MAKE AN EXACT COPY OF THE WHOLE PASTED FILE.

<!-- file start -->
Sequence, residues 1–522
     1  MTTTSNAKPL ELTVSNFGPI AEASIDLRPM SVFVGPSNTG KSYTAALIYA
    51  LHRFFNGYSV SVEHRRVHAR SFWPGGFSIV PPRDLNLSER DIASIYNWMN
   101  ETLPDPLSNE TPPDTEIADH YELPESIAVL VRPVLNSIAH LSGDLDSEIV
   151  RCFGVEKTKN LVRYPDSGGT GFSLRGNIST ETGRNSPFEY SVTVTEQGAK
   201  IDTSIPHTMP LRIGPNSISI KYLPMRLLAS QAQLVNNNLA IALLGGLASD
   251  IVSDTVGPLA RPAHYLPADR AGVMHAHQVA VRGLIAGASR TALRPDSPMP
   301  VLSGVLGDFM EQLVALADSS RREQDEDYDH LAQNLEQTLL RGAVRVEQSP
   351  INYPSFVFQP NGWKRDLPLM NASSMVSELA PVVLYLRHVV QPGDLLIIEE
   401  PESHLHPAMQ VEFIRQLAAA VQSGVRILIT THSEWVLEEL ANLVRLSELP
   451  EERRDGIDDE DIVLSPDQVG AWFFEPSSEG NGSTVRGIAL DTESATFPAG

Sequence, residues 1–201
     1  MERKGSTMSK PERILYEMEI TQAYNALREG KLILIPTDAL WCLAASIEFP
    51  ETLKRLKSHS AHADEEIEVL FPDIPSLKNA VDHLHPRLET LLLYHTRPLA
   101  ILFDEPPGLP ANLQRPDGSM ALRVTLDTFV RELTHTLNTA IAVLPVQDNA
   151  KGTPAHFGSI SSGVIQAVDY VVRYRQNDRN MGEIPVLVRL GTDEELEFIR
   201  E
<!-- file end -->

Sequence, residues 1–522
     1  MTTTSNAKPL ELTVSNFGPI AEASIDLRPM SVFVGPSNTG KSYTAALIYA
    51  LHRFFNGYSV SVEHRRVHAR SFWPGGFSIV PPRDLNLSER DIASIYNWMN
   101  ETLPDPLSNE TPPDTEIADH YELPESIAVL VRPVLNSIAH LSGDLDSEIV
   151  RCFGVEKTKN LVRYPDSGGT GFSLRGNIST ETGRNSPFEY SVTVTEQGAK
   201  IDTSIPHTMP LRIGPNSISI KYLPMRLLAS QAQLVNNNLA IALLGGLASD
   251  IVSDTVGPLA RPAHYLPADR AGVMHAHQVA VRGLIAGASR TALRPDSPMP
   301  VLSGVLGDFM EQLVALADSS RREQDEDYDH LAQNLEQTLL RGAVRVEQSP
   351  INYPSFVFQP NGWKRDLPLM NASSMVSELA PVVLYLRHVV QPGDLLIIEE
   401  PESHLHPAMQ VEFIRQLAAA VQSGVRILIT THSEWVLEEL ANLVRLSELP
   451  EERRDGIDDE DIVLSPDQVG AWFFEPSSEG NGSTVRGIAL DTESATFPAG

Sequence, residues 1–201
     1  MERKGSTMSK PERILYEMEI TQAYNALREG KLILIPTDAL WCLAASIEFP
    51  ETLKRLKSHS AHADEEIEVL FPDIPSLKNA VDHLHPRLET LLLYHTRPLA
   101  ILFDEPPGLP ANLQRPDGSM ALRVTLDTFV RELTHTLNTA IAVLPVQDNA
   151  KGTPAHFGSI SSGVIQAVDY VVRYRQNDRN MGEIPVLVRL GTDEELEFIR
   201  E